I looked to the South and I looked to the West,
I saw old Slavery a coming,
With four Northern dough faces hitched up in front
Driving Freedom to the other side of Jordan.
The term “Dough faces” refers to Northern Democrats aligned politically with pro-slavery southern politicians; their shaved, white faces providing the ultimate symbol of naked pliability. (Or were they “does”, to be hunted & collected by slavery’s advocates?) The most prominent dough face at the time would have been NH’s own President Franklin Pierce.
The final verse is notable, too:
But the day is drawing nigh the Slavery must die,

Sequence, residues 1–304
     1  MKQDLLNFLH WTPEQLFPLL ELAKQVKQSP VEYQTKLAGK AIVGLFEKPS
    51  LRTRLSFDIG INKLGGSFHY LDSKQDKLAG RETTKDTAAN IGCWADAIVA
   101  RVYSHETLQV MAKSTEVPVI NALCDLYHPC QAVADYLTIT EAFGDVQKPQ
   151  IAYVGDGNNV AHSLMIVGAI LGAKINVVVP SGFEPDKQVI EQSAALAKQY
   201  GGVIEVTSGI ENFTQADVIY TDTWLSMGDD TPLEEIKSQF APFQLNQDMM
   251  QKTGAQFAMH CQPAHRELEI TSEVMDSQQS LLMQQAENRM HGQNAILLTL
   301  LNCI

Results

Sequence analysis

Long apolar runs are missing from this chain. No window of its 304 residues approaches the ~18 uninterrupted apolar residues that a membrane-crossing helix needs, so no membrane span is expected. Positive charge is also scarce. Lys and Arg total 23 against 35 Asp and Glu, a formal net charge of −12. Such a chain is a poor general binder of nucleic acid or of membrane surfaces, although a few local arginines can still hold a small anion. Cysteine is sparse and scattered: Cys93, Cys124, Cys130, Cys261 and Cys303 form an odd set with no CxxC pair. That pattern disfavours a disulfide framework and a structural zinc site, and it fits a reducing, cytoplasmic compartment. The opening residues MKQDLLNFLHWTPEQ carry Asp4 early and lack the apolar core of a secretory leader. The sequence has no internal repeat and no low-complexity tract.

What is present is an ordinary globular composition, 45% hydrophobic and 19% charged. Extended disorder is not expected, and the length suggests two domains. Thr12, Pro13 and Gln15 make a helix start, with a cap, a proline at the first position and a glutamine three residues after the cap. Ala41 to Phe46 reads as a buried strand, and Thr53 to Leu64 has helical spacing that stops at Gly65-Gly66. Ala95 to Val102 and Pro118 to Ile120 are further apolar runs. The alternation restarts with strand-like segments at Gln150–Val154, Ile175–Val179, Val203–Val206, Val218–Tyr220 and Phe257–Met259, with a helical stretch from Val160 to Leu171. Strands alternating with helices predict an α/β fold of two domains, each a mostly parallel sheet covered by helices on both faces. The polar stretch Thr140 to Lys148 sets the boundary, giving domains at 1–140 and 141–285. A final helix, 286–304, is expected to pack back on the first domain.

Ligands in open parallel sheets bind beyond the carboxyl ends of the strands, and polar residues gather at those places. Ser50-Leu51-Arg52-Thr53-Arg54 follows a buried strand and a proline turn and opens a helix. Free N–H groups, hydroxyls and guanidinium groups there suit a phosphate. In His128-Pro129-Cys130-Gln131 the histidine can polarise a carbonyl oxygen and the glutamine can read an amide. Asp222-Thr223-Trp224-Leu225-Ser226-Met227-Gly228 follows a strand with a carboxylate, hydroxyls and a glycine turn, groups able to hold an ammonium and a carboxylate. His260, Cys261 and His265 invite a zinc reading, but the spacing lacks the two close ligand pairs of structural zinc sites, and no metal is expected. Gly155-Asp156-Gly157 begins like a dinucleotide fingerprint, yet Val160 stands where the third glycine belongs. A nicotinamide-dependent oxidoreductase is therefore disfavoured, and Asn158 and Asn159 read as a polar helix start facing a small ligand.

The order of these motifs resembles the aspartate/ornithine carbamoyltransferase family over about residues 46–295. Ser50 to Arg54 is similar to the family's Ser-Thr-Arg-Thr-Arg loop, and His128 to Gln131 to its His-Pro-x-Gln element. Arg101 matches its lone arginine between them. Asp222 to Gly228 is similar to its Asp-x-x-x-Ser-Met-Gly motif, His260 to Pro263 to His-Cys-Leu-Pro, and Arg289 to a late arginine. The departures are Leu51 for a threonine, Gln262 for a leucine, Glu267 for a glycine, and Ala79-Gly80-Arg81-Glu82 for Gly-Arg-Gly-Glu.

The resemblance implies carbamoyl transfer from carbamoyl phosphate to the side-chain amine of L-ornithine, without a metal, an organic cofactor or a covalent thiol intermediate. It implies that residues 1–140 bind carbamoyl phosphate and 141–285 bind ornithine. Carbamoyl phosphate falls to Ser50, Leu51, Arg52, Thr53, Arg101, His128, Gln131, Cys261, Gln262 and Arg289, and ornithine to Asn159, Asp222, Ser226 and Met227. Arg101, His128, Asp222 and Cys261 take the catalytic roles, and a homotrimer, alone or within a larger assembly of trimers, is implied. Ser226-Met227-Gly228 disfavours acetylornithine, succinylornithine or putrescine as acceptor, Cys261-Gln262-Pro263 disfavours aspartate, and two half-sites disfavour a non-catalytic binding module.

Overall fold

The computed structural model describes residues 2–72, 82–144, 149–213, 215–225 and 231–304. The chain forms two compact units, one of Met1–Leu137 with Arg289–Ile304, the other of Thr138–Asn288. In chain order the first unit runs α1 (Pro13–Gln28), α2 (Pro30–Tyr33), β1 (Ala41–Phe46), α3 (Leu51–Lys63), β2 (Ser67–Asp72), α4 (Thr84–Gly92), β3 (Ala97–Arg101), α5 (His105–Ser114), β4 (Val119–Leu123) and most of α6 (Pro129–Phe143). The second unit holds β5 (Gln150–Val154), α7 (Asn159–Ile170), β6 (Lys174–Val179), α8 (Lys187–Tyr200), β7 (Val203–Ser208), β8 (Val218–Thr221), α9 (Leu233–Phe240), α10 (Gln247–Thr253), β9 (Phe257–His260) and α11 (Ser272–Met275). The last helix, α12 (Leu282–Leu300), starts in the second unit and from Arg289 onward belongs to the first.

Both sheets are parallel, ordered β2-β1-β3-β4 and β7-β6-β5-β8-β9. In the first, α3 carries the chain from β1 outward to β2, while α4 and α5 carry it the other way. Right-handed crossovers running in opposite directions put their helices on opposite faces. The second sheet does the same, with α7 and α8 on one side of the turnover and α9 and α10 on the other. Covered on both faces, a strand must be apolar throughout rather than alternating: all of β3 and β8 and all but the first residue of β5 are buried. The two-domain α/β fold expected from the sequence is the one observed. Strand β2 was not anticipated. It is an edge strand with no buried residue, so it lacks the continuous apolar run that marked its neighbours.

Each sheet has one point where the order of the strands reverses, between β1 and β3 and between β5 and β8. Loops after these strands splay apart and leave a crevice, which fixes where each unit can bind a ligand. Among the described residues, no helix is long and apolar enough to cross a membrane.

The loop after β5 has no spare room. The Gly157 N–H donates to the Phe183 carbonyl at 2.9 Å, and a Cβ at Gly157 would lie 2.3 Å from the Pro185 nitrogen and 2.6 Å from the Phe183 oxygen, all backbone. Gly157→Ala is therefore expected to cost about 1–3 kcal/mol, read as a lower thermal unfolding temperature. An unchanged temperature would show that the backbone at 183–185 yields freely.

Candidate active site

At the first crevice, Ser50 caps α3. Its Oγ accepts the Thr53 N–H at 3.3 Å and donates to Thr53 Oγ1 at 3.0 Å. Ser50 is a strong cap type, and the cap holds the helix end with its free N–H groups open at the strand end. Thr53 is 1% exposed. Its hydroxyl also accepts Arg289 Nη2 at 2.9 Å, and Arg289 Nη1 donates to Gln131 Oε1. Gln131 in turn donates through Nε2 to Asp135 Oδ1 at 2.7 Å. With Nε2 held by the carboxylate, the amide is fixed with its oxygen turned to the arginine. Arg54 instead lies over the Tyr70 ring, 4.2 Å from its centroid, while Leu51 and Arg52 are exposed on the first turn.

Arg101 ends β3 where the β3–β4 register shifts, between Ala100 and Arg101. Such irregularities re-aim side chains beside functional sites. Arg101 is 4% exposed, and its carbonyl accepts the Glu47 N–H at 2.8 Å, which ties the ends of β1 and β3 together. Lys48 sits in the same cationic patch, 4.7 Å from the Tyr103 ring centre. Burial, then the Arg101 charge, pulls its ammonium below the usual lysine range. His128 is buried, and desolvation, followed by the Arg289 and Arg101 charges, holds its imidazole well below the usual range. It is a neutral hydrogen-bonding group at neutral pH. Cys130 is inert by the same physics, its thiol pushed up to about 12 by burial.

And every one must do his part accordin’:
Then let us all unite to give every man his right (and women too!)
And we’ll get our pay the other side of Jordan.
The mid-century struggle against slavery led many women to draw connections between their lot and the lot of the slaves in a society dominated by white males; indeed, after Elizabeth Cady Stanton and Lucretia Mott were refused seats at an abolitionist convention in 1840, they organized a women’s rights convention of their own! Several other prominent female abolitionists went on to become advocates and organizers in the women’s rights movement. Here, the Hutchinson family gives them a shout-out in 1855!